[SDT] The Meshech Chochma points out that the kohen who dealt with the sacrifice is the one who should eat from it, because only he would know if his kavanot (thoughts and intentions) were correct or not. His eating of the sacrifice makes the statement that he indeed did and thought all that was required. (The punishment for a kohen intentionally eating of an invalid sacrifice – in this case, he being the only person who could know of its invalidity – is punishable by “death from heaven”.) We see in this issue, a high level of accountability a person carries for his own actions.

Certain chata’ot, whose blood was brought into the Mikdash, were not to be eaten [139], but rather completely consumed on the Mizbei- ach.

[SDT] The Kli Yakar points out that the Torah commands the bringing of the Chatat and Asham (the Sin and Guilt offerings) in the same place in the courtyard of the Beit HaMikdash as the Olah in order to protect the feelings and privacy of the sinner. People who see him at that place can now assume that he is bringing an Olah and will not automatically jump to the conclusion that he has sinned. This is similar to one of the reasons given for the Amida being a silent prayer – this protects a davener from the embarrassment of something he might include in his prayer being overheard by others.

This is one of many, many moral lessons that can be derived from the Korbanot. Why should we “waste our time” learning about Korbanot? That’s what someone with very limited vision might ask. Maybe this is part of the reason.

Shlishi – Third Aliya – 28 p’sukim – 7:11-38

The Torah next discusses the Sh’lamim, [141] beginning specifically with the “Toda”. The animal sacrifice is accompanied by various types of wafers and cakes. Parts of the animal are burned on the Altar, parts are given to the kohen and the remainder is to be eaten by the bringer of the korban. The korban must be eaten by midnight (actual deadline: dawn; mid- night is required as a precaution). It is forbidden to leave over any of the korban until morning [142]; that which is left over must be burned [143]. If the Sh’lamim is in fulfillment of a vow, its meat may be eaten for two days, becoming “Notar” on the 3rd.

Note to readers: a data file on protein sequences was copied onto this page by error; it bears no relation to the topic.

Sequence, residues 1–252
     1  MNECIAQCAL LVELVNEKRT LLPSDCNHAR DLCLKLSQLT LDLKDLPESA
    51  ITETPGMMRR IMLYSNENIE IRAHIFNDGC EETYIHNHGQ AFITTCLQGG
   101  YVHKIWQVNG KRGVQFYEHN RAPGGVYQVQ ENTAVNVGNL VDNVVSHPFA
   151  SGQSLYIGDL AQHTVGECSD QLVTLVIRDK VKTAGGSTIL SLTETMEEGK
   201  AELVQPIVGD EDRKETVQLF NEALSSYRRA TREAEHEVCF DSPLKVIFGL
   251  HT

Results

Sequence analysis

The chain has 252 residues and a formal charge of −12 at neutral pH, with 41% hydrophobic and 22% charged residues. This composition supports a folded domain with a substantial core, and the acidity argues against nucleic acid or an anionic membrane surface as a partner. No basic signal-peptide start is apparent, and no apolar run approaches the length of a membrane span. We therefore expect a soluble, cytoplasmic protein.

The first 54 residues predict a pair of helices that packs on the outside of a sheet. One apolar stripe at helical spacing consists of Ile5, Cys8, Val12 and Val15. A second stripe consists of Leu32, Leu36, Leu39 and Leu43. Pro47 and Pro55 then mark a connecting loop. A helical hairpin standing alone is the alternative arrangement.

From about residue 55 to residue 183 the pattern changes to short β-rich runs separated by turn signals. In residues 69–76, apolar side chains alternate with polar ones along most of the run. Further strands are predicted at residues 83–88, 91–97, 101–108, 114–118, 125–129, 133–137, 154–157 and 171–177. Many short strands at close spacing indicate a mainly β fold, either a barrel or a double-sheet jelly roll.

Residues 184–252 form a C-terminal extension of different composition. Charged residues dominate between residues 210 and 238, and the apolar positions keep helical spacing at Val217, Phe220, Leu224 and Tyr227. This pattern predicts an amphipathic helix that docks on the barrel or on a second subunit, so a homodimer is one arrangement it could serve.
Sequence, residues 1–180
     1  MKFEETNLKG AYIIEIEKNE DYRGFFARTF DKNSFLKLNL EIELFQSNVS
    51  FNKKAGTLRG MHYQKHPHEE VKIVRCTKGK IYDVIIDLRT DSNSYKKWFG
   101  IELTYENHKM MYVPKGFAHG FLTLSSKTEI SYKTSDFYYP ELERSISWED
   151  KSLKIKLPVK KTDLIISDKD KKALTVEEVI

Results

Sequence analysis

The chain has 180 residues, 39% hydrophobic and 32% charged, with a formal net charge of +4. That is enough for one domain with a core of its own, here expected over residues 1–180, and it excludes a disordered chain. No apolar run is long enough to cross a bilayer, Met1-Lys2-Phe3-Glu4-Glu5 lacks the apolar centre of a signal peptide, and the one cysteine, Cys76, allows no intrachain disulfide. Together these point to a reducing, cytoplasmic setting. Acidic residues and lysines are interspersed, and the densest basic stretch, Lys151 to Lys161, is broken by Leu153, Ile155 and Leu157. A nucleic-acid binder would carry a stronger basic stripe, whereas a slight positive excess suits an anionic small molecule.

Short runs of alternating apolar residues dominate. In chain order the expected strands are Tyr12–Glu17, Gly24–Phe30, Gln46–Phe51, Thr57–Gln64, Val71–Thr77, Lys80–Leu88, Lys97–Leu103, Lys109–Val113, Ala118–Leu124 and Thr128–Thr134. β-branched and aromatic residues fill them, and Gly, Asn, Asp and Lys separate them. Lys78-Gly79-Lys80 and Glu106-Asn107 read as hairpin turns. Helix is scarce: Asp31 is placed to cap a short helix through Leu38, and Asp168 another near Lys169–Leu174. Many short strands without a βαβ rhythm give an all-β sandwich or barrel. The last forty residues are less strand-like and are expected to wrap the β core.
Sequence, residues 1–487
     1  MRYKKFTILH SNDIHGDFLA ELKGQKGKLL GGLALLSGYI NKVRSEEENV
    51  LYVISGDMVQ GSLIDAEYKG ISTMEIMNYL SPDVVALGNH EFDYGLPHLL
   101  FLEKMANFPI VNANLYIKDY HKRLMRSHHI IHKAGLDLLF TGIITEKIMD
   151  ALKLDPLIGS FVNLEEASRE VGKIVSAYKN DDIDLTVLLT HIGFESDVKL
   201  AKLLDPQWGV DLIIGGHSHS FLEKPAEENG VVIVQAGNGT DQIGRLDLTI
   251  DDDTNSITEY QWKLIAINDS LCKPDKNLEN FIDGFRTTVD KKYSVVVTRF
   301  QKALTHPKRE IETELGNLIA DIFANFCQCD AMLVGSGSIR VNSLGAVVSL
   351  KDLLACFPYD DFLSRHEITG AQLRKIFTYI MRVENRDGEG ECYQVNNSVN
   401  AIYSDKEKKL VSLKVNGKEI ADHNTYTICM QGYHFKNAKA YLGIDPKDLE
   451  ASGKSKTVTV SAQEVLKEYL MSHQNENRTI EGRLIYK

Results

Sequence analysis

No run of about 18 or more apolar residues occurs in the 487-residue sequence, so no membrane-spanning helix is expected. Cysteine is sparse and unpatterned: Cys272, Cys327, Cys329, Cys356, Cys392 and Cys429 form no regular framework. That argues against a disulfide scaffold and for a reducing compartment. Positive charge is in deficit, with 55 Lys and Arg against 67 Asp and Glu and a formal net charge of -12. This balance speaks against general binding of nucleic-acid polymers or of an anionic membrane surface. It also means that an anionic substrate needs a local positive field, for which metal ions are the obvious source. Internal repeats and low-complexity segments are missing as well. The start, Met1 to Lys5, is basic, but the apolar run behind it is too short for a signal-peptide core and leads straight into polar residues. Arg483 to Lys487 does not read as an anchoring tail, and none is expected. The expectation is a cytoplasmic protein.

It is forbidden to eat “Pigul” [144]. Pigul is a type of invalid korban, where that which rendered the korban unfit for the Mizbei’ach was not something physical nor a mistake in the kohen’s action, but rather an incorrect thought (kavana), of certain types. It is signifi- cant that improper thoughts alone can effect the sanctity of the korban.

It is forbidden to eat of a korban that has become tamei (ritually unclean) [145]. This is punishable by makot. It is required to burn tamei korbanot [146]. A person who is tamei who intention- ally eats meat of a korban is liable to “koreit” (“cut off” by G-d).

Certain fats of kosher animals are forbidden to eat [147]. This is the prohibition of “cheilev”. There are differences between the cheilev of a korban and that of a regular CHULIN (non-sacred) animal.

Eating blood of a bird or mammal is a capital offense (from Heaven) [148]. Eating meat with blood still in it is a lesser offense, but nonetheless forbidden. This is the reason for “kashering” meat.

What follows are more details of the SH’LAMIM: what parts go on the Altar, what parts go to the kohen, etc. These are the rules of the various types of korbanot that G-d commanded us at Sinai.

[SDT] The most severe lapse in a kohen’s kavana is one concerning time. A lapse regarding place of the eating of the korban, for example, is less severe (punishment- wise). If the kohein has in mind to eat from the korban at a time when it is no longer allowed, then that mis-kavana renders the korban “Class-A Pigul”. This fits with our previous notions concerning Shabbat and the Mishkan, that the sanctity of time is “higher” than that of place. (from a drasha by Rabbi Fabian Schonfeld.)